Skip to content
Know Your Rights
Source: Queens Chronicle
Subject: Housing & Environmental Justice
Type: Media Coverage

Neighbors want say in park’s future

On Monday at Our Lady of Sorrows Catholic Church in Corona hundreds of Flushing Meadows Park neighbors voiced concerns about development proposals that would subtract open space without adding any affordable housing to the neighborhoods surrounding the park.

“I learned to ride my bike here and my kids might not have that chance,” Queens resident Steven Moyano said.

Although nothing is set in stone, three developments could take away significant green space in the 1,255-acre park. Because the sites are on public parkland, any development would need approval from both the City Council and state legislature and would have to mitigate the used land with an equal amount of new parkland in another location within New York City, not necessarily in Queens.

Major League Soccer is reportedly eyeing land behind the Hall of Science to build a nine-acre, $300 million, 25,000-seat facility and nine public soccer fields. The league said it would fund renovations of public sports fields within the park, including cricket, soccer and volleyball fields along with adding parkland to the city.

A $500 million project is planned to update and revitalize the U.S. Tennis Association’s Billie Jean King National Tennis Center with two new stadiums and two parking garages.

Lastly, a 1,400,000-square-foot shopping mall on public land was proposed for Willets West, a section of the park now used for parking next to Citi Field, which is on public land, and Willets Point, which is not on park property.

“There is some confusion, but Willets West is on public park land,” said Joseph McKellar, a spokesman with the Queens Congregations United for Action.

“We use the park to play soccer. It’s where our children learn to play. We don’t just want to watch soccer, we want to play,” Make the Road New York Deputy Director Theo Oshiro said.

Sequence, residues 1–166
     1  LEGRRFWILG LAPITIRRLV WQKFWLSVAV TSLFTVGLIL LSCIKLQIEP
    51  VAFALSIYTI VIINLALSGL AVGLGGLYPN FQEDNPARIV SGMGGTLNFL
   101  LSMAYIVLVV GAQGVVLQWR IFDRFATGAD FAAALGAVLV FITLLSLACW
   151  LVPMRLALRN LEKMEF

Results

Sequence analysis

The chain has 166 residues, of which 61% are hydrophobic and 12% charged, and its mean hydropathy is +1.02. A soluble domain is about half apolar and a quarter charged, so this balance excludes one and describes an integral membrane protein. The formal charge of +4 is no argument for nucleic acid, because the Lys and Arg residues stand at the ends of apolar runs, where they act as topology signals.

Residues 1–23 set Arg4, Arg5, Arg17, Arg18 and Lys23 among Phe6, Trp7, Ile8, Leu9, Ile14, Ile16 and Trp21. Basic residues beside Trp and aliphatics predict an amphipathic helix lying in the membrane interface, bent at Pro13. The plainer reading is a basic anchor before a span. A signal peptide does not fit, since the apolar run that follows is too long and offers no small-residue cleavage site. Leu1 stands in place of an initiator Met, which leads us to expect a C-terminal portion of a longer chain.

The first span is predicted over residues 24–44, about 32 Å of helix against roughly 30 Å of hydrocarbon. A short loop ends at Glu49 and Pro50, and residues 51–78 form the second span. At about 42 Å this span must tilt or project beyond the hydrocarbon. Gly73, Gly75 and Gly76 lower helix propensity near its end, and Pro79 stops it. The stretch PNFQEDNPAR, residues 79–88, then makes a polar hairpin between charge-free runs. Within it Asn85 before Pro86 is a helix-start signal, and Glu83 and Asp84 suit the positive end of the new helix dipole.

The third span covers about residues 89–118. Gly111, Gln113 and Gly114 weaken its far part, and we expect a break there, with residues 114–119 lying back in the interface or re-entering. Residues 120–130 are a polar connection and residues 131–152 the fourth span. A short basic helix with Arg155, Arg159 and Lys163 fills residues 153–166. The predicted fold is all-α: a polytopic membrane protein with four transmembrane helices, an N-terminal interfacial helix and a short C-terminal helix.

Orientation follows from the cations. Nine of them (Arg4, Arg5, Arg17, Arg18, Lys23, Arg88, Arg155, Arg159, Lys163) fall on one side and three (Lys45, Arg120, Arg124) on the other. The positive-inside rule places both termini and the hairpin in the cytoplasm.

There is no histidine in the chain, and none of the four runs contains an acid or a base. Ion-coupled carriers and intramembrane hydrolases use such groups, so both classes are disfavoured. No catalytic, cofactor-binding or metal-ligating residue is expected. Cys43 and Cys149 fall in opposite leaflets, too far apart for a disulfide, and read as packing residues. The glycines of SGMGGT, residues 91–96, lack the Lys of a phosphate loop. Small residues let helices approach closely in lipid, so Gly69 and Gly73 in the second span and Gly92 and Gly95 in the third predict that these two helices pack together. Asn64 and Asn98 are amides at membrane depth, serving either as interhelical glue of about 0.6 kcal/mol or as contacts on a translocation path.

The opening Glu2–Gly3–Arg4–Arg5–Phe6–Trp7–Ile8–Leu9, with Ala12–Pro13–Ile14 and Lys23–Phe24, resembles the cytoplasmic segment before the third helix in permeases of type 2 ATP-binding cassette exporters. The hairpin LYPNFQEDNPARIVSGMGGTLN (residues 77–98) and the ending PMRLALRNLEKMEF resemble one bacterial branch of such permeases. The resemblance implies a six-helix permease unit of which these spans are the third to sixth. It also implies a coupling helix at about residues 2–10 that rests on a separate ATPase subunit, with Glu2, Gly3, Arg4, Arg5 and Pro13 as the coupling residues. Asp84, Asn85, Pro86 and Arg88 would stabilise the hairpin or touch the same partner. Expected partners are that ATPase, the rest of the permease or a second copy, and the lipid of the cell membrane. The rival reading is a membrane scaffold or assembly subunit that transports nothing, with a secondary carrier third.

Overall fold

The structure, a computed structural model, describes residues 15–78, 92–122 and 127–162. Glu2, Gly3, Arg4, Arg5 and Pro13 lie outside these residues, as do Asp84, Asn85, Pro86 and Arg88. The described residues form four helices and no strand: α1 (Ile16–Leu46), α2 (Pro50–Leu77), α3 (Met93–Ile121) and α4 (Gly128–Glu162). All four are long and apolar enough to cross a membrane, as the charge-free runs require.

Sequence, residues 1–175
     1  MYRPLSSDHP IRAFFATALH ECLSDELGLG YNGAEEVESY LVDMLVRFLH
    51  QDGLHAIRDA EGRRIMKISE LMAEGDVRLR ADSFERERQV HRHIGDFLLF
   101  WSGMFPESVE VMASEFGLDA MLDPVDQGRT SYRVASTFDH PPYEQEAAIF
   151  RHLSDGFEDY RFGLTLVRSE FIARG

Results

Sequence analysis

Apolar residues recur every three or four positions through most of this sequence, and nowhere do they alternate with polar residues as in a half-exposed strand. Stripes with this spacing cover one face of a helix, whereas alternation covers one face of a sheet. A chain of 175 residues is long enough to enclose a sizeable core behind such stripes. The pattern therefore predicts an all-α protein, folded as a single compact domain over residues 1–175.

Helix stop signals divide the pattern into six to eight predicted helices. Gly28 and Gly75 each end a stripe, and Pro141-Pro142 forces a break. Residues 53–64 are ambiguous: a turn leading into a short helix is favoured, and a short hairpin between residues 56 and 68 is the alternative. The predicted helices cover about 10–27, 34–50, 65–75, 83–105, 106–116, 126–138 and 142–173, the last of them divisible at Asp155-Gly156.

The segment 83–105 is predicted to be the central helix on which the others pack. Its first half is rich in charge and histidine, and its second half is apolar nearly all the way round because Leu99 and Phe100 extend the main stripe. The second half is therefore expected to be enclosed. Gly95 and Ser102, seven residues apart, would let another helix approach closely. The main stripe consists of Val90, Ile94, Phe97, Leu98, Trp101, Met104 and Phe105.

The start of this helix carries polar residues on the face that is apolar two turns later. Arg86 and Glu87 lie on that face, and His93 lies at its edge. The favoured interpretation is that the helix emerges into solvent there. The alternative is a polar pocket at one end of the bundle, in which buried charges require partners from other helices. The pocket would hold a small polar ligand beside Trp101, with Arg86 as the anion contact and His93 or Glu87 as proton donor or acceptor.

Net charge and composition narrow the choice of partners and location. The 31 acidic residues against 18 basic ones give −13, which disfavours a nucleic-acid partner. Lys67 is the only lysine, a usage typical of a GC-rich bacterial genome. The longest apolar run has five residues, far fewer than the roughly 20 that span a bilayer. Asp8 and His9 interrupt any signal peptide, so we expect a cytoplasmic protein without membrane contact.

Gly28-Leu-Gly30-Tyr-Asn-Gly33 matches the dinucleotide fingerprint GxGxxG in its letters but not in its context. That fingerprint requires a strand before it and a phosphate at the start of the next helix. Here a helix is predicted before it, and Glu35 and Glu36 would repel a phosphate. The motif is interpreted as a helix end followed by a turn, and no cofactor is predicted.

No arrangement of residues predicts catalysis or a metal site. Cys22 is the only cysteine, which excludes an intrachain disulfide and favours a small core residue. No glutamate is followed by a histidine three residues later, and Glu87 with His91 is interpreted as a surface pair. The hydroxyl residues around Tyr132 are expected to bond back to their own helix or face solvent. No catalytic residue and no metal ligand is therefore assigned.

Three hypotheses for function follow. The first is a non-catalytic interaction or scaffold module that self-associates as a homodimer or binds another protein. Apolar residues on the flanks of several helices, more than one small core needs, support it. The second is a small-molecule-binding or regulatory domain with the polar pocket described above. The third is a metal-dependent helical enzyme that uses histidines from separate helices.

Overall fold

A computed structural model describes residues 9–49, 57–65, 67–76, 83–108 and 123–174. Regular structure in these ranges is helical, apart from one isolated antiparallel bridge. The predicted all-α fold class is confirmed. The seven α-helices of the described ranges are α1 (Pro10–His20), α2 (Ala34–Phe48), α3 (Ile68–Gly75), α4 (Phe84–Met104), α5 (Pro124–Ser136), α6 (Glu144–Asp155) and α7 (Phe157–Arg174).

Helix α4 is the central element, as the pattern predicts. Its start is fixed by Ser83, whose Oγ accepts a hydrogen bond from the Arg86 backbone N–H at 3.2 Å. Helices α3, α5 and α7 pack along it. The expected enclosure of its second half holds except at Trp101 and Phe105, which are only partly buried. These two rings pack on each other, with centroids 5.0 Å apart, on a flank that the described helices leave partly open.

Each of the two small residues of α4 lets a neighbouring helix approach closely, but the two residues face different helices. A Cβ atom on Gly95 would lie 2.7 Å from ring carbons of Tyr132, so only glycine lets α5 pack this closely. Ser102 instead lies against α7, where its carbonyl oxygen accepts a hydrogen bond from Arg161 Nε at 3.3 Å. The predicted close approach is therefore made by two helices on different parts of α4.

Many people cheered and clapped when speakers denounced the possible loss of open space, but one retired nurse and Corona resident, Elna Tullock, said all development would be good.

“There’s lots of space, but that’s my opinion,” Tullock said. “It’s good to have these meetings to express ideas.”

Politicians and spokespeople with QCUA, MRNY and several other Queens community organizations who hosted the town hall want to start a conversation wherein the community, which has a large poor and immigrant population, has a say in the future of the park.

“Neighbors of the park should have a seat at the table and a say in what is happening in their backyard,” Oshiro said.

Councilwoman Julissa Ferreras (D-East Elmhurst) said she will be meeting with all the developers and they will “have to sell” the proposals to the community

“Every inch of developed parkland is park space we won’t get back,” Ferreras said.

Although not public land, development at Willets Point, across 126th Street from Citi Field, was also a point of concern. In 2008 the city council approved the Willets Point redevelopment project, which included 2,000 affordable housing units. However, in June of this year Mayor Bloomberg and the Economic Development Corp. announced the Willets West plan and said the affordable houses would be delayed until 2025.

“That’s not just. We had a promise,” said Our Lady of Sorrows Pastor Thomas Healy, adding that the plan is unfair to neighborhood residents who already live two and three families to one apartment.

Auto mechanics who have shops on 126th Street in the Willets Point area are worried about the development, according to Sergio Aguirre, a community organizer for the Sunrise Co-op, a coalition of 60 shops in the Willets Point area.

“They want to displace workers like animals,” he said, adding that the co-op is asking the government to help with a relocation to Maspeth.

All proposals would include constructing more roads and adding more car traffic in the park, Donovan Finn of the Jackson Heights Green Alliance said. MLS’ plans would include a shuttle from the No. 7 train to the proposed soccer stadium.

In addition to the eating up of open parkland and increasing traffic, speakers said the proposed developments would bring part-time jobs without benefits when the neighborhood needs “good jobs,” Maria Alvarez with MRNY said.

Residents broke into small groups and discussed what the park means to them, which for most meant recreation and family. A follow-up meeting will be held on Sept. 27 at PS 19 at 98-02 Roosevelt Avenue at 6:30 p.m.

To view the original article, click here.